Rider v. RiderAnnotate this Case
105 N.W.2d 508 (1960)
Sarah RIDER, Appellant, v. Paul RIDER, Appellee.
Supreme Court of Iowa.
October 18, 1960.
*509 Stipe, Davidson & Hemphill, Clarinda, for appellant.
Camp & Harsh, Creston, for appellee.
The parties to this action were married in 1936, and resided on a farm until their separation on December 21, 1958. In 1944 appellee's father died leaving the farm occupied by these parties to his wife, for her natural life, and upon her death, to his four children, of whom appellee was one. The life tenant had the right to request sale of the land for her comforts and necessities except only the homestead 40 acres thereof, which she quitclaimed to appellee. The farm involved consisted of 202 acres. No children were born to plaintiff and defendant.
The plaintiff sought and was granted a divorce on the ground of cruel and inhuman treatment and was awarded $1,000 in full and final settlement of all property rights between the parties and $200 attorneys' fees. The plaintiff being dissatisfied with the award has appealed.
I. The sole contention of appellant is that the allowance by the trial court of the sum of $1,000 in full and final settlement of all property rights between the parties, and the further sum of $150 as temporary alimony, is an inequitable and inadequate allowance for her in the light of the property accumulated by the parties during their married life. Appellant seeks to have such property settlement allowance increased and additional attorneys' fees allowed for her attorneys on this appeal. In her petition she prayed that a decree be entered effecting a *510 division of property held jointly by the plaintiff and defendant as of December 21, 1958 and allowing the plaintiff her just share therein.
The right to a property settlement and alimony in divorce actions is provided by section 598.14 of Code of Iowa, 1958, I.C.A., which, so far as material, is: "When a divorce is decreed, the court may make such order in relation to * * * property, parties, and the maintenance of the parties as shall be right."
"The obligation of the husband for the support of the wife affords the basis for the court's action, but this is not regarded as a debt in the sense of a pecuniary obligation. It arises from a duty which the husband owes as well to the public as to the wife, though not resting on any specific contract." Shipley v. Shipley, 187 Iowa 1295, 1304, 175 N.W. 51, 55.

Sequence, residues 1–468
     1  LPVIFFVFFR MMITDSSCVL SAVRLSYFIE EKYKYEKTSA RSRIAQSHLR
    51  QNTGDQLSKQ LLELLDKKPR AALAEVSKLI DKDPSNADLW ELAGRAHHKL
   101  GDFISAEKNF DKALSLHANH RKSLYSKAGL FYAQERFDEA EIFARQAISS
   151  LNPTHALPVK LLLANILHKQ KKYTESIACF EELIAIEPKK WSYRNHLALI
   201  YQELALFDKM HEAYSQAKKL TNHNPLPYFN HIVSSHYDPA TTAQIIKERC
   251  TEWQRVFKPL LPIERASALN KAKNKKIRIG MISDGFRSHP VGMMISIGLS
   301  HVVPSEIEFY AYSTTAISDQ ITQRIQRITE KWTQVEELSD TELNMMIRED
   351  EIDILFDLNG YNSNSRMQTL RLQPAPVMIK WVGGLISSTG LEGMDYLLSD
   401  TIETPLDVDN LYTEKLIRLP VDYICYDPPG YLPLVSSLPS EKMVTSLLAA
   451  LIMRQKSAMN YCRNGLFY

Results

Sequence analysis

"As to property division and alimony decision, divorce cases are peculiarly dependent on the facts of each case. Specific rules are not too helpful because the facts vary from case to case. The elements to be considered are parties' age, health, present ability to earn, amount of resources owned by each or both parties, contributions of each to the joint accumulations, the duration of the marriage, indebtedness of each or both, conduct of the guilty party, and any other facts which assist the court to arrive at a just, fair and equitable decision. Retman v. Retman (Iowa, N.O.R.), 254 N.W. 804; Mitchell v. Mitchell, 193 Iowa 153, 185 N.W. 62; Brannen v. Brannen, 237 Iowa 188, 21 N.W.2d 459." Alberhasky v. Alberhasky, 250 Iowa 986, 1001, 97 N.W.2d 914, 924. Also see Nelson v. Nelson, 246 Iowa 760, 68 N.W.2d 746; Black v. Black, 200 Iowa 1016, 205 N.W. 970.
Neither party challenges that part of the decree which grants plaintiff an absolute divorce.
II. There is no definite rule to aid the courts in determining the property rights of the parties in cases such as this. The statute grants the court authority to make such order in relation to the property and parties as shall be right, but the difficulty lies in determining what is right. We are abidingly satisfied that the allowance to plaintiff of $1,000 in full settlement of her property rights is not right or equitable.
Plaintiff testified that the separation of the parties occurred on December 21, 1958 after the defendant beat her and stripped her clothes from her in a lane running from their farm to the town of Nodaway; that she secured a coat from the neighbors to cover herself, and with an officer returned to her home and secured one outfit of clothing, then went to reside with her father who was drawing $35 per month social security. The cause of this episode seems to have been her attempt to go to church without her husband's consent. Plaintiff thereafter secured employment at a nursing home which paid her $24 per week. She had no other income and no property except her interest in the property accumulated during their married life. Her health was only fair, she having had within the past five years a gall bladder operation and a hysterectomy, and having been in the hospital several times "in between". The evidence disclosed that particularly after defendant had disc fusion surgery in 1956, plaintiff did all kinds of field work, operating a tractor with various kinds of machinery and working on the hay baler. The defendant, for health reasons, was unable to do heavy farm work but could do certain chores and care for the livestock.